DBC Lessons Learned – Are technologists slowing down change and innovation in your company? Resistance to change can be a powerful force to overcome, especially when the decision is less of a business imperative than, say, making the next payroll. To be sure, technology demos, evaluations, and bake-offs are important parts of the decision process – but how much is needed before the team can make a call? And how much opportunity time is being wasted with all of this dithering?

  • Some firms have been surprised at the quick upswing in demand for video conferencing as their teams embrace work-from-home. For some, this is a daunting new use of technology; they have never taken their notebooks out of their desktop docking stations, never fired up the video chat software, never collaborated online in this manner. Demands for training material and hand-holding from their traveling peers or the IT help desk is a drag on productivity for the rest of the team. Many IT folks are telling me about normally office-bound workers who really struggle with this new way to work – it has been available for years, but they have never taken advantage of it.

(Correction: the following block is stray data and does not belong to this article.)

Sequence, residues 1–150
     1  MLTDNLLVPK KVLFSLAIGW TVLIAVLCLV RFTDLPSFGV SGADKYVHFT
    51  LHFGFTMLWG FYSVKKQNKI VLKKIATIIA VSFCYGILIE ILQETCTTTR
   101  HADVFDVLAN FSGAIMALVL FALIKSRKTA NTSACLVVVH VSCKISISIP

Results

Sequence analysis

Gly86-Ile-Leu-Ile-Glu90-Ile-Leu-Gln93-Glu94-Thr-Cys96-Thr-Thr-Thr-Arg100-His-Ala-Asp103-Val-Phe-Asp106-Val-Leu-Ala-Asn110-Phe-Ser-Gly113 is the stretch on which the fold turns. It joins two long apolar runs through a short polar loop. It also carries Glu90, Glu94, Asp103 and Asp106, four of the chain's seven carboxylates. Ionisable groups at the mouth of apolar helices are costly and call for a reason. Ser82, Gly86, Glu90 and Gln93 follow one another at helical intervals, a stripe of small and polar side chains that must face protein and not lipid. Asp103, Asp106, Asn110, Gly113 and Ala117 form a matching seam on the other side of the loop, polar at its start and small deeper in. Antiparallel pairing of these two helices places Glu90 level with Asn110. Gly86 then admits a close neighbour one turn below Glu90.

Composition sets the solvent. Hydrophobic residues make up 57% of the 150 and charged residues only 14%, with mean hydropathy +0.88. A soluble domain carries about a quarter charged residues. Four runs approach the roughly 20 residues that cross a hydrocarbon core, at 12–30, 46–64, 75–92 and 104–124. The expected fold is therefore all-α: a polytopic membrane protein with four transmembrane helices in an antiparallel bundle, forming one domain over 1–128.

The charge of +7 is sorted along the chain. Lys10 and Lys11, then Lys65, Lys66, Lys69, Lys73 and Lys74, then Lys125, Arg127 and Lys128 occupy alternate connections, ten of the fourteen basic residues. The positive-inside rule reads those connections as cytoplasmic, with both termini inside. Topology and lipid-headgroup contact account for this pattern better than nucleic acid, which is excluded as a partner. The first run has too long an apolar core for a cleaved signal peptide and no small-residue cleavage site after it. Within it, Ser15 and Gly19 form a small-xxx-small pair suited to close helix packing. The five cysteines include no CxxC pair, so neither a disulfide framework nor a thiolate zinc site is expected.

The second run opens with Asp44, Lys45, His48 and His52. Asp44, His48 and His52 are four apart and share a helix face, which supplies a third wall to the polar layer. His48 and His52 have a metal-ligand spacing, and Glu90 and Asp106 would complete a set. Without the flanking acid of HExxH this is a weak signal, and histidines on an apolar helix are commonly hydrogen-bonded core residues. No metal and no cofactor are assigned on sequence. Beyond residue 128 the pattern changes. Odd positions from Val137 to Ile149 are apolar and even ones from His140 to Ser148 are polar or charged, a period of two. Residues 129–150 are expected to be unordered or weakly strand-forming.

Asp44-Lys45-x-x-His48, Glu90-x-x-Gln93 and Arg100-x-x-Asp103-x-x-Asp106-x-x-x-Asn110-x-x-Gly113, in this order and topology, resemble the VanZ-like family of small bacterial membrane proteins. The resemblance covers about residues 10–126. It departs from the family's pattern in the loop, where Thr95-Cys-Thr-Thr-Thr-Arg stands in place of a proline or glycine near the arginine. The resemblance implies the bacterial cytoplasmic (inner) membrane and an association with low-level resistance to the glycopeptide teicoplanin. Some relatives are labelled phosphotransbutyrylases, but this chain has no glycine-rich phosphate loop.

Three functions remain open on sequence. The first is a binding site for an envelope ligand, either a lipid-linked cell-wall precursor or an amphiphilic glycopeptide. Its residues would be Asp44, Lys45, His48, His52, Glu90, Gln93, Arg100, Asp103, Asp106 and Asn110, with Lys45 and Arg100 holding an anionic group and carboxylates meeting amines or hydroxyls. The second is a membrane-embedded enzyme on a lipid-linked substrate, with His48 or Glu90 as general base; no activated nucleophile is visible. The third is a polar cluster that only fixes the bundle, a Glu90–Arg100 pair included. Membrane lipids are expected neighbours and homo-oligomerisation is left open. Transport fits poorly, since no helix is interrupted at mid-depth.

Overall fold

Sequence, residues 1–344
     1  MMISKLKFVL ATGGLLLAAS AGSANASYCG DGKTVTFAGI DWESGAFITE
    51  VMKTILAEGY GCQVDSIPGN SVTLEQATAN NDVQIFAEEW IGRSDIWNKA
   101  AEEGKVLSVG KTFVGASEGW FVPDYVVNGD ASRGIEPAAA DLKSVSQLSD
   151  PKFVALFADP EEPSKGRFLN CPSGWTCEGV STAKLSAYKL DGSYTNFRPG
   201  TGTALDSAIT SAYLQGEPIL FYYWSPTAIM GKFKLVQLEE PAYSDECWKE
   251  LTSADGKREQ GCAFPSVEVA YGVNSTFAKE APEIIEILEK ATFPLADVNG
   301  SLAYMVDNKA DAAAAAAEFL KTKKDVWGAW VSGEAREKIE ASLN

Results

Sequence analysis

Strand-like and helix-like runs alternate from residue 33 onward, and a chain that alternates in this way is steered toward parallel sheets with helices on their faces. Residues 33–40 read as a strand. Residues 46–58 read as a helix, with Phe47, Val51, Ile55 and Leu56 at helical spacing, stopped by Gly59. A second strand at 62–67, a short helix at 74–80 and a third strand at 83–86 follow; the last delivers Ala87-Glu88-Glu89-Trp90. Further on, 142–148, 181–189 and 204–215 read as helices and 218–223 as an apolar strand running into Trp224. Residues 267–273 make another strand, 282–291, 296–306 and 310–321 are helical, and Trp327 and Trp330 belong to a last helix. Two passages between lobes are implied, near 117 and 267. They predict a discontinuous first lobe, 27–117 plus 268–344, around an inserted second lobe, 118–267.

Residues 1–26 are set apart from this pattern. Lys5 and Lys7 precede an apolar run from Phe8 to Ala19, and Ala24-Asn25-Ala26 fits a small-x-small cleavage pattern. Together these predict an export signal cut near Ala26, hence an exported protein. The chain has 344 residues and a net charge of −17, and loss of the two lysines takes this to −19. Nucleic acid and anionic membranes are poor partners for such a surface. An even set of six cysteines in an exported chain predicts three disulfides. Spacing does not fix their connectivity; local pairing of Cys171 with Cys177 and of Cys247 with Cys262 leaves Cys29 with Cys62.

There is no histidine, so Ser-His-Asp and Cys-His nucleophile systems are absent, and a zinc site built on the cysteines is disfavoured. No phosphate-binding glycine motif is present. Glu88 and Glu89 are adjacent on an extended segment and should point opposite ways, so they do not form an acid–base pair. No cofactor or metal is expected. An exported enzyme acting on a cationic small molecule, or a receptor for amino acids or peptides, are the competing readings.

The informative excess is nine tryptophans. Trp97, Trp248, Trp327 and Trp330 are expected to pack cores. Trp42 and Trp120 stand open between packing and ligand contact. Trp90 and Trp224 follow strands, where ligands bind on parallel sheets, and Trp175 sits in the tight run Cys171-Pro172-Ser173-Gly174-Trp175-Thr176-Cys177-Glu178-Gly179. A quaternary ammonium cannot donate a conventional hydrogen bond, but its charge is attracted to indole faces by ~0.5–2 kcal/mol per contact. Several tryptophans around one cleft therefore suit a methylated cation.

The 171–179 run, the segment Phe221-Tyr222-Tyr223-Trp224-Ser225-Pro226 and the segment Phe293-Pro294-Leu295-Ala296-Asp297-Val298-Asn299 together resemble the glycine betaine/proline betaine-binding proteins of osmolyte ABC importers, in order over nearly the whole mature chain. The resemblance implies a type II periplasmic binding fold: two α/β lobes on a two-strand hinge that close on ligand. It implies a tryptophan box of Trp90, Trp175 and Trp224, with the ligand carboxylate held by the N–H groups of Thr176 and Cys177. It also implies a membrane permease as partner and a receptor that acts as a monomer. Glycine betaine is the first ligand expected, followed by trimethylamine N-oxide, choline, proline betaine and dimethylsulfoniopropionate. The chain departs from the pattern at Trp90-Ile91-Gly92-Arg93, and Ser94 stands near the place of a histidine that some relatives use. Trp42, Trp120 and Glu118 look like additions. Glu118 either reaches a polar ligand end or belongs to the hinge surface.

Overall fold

DBC Lessons Learned: Are traditionalists slowing down change and innovation in your company? Find ways to break through the resistance by proactively new and different ways of getting the job done – when there is little pressure to do so! It truly pays to invest in training for all of your digital workplace investments. Have teams make a point to switch to video chats and collaborate on documents. If you wait until the next disaster hits, the simple technical steps will get in the way, and further frustrate an already harried situation.

Practice practice practice … you’ll be glad you did.

Macro-Economic Lessons

Of course, there are some industries where working from home is impossible. I am not sure I realized how bars, restaurants, coffee shops, and other foodservice businesses made up such a large part of our economy. A friend from the East Coast told me the story of a local restaurateur who, realizing that they had a lot of perishable food (vegetables and stuff), had an impromptu farmers market, giving the stuff away in their own neighborhood. Other chains are quickly pivoting to different ways to sell their food – like the pizza parlor selling “take-out kits”; all the components of a pizza put together in a single box, enabling a nice family activity to cook up a pizza.